Highlights of the week of July 3rd 2017

Dear PGM Capital blog readers,

In this weekend blog edition, we want to discuss some of the most important events that happened in the global capital markets, the world economy and the world of money in the week of July 3, 2017:

  • Oil getting hammered on growing stockpiles.
  • The Silver flash crash of July 7, 2017.


Oil prices settled nearly 3 percent lower on Friday as rising U.S. production as OPEC exports hit a 2017 high cast doubt over efforts by producers to curb global oversupply.

Brent crude LCOc1 settled down US$1.40, or 2.9 percent, at US$46.71 a barrel, after falling to US$46.28, its lowest in more than a week.

U.S. West Texas Intermediate (WTI) crude futures CLc1 finished US$1.19, or 2.61 percent, lower at $44.36 a barrel, after trading as low as US$43.78 a barrel as can be seen from below chart.

Both benchmarks posted a sixth weekly decline in the past seven weeks with WTI down 3.9 percent on the week and Brent off 2.5 percent.

Oil has not sustained gains for more than a couple of weeks as investors have grown more worried about the stubborn global crude glut.


A sharp fall and bounce in asset prices due to an incorrect trade is often referred to as a flash crash

As can be seen from below chart, silver prices briefly dropping US$1.70 an ounce, or nearly 11 percent, in minutes on huge volume of 8,500 contracts, early in Friday’s Asian trading session, likely due to a trading error, before quickly reversing most of that decline.

A fat finger, algorithmic traders and thin market conditions ahead of the US jobs report may have all been contributing factors behind the sudden flurry of activity.

Or, of course, it could have been done on purpose.

Velocity Logic:

In the case of Friday’s silver plunge, the unusual increase in volatility triggered the so-called “velocity logic,” a safeguard set in place by CME Group, pausing the market for 10 seconds.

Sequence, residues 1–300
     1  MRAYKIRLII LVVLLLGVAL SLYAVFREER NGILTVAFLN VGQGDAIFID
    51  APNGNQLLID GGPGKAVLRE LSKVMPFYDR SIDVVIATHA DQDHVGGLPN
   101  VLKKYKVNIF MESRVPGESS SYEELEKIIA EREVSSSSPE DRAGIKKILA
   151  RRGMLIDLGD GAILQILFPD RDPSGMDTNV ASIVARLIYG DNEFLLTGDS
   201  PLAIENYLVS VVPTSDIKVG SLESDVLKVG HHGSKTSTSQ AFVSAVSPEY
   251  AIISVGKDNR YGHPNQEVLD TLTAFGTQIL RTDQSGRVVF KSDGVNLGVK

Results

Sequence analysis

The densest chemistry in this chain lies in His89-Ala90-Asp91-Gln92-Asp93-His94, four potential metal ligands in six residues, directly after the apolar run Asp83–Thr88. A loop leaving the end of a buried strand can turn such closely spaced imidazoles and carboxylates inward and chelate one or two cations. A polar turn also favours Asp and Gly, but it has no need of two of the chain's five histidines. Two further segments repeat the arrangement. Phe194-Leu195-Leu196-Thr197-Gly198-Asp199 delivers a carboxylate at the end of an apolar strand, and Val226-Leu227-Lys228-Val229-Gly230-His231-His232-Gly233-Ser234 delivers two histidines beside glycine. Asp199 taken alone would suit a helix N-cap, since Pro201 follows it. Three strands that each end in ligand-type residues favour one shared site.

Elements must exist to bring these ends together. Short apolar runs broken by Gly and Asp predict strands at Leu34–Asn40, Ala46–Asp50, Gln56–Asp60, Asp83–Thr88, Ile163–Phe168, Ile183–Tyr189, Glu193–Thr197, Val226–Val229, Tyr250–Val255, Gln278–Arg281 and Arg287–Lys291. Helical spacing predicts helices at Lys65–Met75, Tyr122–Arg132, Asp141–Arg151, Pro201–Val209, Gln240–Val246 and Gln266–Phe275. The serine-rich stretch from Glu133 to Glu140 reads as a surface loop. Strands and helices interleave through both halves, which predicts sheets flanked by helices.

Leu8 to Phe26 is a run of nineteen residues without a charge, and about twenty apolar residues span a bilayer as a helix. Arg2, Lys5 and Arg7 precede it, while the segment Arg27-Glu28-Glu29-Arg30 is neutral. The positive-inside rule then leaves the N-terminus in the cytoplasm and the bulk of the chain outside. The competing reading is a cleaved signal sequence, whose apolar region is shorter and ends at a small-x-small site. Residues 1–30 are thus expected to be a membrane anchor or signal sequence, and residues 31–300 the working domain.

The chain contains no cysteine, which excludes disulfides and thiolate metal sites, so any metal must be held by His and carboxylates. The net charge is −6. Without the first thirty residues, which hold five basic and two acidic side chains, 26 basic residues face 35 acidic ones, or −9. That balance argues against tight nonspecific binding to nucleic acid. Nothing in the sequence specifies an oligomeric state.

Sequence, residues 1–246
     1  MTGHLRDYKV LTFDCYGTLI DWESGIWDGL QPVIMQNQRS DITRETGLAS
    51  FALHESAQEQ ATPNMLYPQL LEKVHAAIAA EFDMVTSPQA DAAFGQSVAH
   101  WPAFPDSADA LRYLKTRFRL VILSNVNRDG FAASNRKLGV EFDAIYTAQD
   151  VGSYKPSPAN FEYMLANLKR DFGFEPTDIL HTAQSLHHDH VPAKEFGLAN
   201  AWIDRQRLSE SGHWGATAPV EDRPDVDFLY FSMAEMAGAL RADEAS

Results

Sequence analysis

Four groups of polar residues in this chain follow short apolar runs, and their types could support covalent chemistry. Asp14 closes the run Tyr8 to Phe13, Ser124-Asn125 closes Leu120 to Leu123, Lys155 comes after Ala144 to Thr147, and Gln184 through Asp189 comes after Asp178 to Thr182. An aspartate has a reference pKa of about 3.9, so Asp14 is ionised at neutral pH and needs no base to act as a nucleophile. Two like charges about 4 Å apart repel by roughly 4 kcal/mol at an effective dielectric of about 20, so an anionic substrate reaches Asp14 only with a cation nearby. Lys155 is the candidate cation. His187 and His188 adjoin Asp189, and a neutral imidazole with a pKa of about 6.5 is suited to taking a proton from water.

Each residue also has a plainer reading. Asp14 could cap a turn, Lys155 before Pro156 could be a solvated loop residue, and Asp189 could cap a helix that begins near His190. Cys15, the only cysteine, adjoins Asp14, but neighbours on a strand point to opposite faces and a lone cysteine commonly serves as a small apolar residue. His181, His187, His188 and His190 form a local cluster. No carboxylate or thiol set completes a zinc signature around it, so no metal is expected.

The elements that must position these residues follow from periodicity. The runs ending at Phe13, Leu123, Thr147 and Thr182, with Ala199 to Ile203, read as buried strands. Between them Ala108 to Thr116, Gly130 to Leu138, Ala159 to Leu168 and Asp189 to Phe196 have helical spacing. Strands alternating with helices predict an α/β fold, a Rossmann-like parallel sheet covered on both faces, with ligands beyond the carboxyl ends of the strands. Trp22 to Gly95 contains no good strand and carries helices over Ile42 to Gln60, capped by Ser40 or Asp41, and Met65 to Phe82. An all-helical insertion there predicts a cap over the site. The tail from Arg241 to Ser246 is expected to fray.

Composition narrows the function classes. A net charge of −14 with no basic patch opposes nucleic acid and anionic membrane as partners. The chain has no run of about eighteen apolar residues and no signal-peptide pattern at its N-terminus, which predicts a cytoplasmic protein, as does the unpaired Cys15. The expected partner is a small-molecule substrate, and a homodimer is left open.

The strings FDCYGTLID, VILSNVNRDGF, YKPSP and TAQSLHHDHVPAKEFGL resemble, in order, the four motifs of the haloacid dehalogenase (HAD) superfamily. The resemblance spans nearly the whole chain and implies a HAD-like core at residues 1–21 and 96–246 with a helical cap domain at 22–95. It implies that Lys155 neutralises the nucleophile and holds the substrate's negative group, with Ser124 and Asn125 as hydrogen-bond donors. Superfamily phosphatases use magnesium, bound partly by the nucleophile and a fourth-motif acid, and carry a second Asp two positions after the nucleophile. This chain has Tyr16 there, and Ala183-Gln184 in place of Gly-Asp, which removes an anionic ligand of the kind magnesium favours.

Velocity Logic is designed to detect market movement of a predefined number of ticks either up or down within a predefined time.

Silver futures for September delivery pared their losses to settle 3.5 percent lower at $15.425 an ounce at 1:36 p.m. in New York, after tumbling to as low as $14.34 before the CME safeguard was triggered.



The stream of relentless supply continues, OPEC exports were 2 million barrels per day (bpd) higher in June than in 2016, despite of an extension of a 1.8 million bpd production cut deal led by the Organization of the Petroleum Exporting Countries.

Exports last month from OPEC were much stronger than they were in April and May, seemingly indifferent to the OPEC production cut deal.

Below chart from Thomson Reuters Research, shows that OPEC production is now at 12-month high.

Investors believe the Organization of the Petroleum Exporting Countries will need to make further output cuts to offset thriving shale production in the United States.

Although U.S. gasoline stocks have dropped 3.7 million barrels in the most recent week, far exceeding the expected drop of 1.1 million barrels, still, gasoline inventories remain about 6 percent above seasonal averages, so investors will watch for July data to see if demand is strong enough to whittle down stocks.

We believe that oil is oversold and that prices could rise toward US$55 a barrel and due to this consider the current price as a good entry point, for which our preferred BP Prudhoe Bay Royalty, with its dividend yield of approx. 20 percent. is our favorite pick.

The Silver Flash Crash:

The aggressive selling had all the hallmarks of a market manipulation as US$ 450 million worth of silver futures were sold in a minute.

It seems that an entity appears to have wanted silver lower on and the massive sell order achieved that goal.

This could be due to a hedge fund or institution having a short position. By manipulating prices lower they can liquidate their short positions at much lower prices, making sizable profits.

We believe that the flash crash was a good thing and may have actually helped silver get the kick in the butt it needed.

When markets make these types of moves — flash crash, panic sell or short squeeze — those are typically signs that the markets will reverse.

Thursday night’s flash crash looked like “a tap on the shoulder” — a term used when a firm or individuals are forced to liquidate because they can’t cover the margin requirements, based on this we believe that the flash crash of silver, and the decline of the silver price of Friday, July 7, looks like an excellent buying opportunity to us.

Last but not least, before taking any investment decision, always take your investment horizon and risk tolerance into consideration and keep in mind that commodity prices as well as the securities of their producers, can be very volatile and that sharp corrections might happen in the short term.

Yours sincerely,

Eric Panneflek

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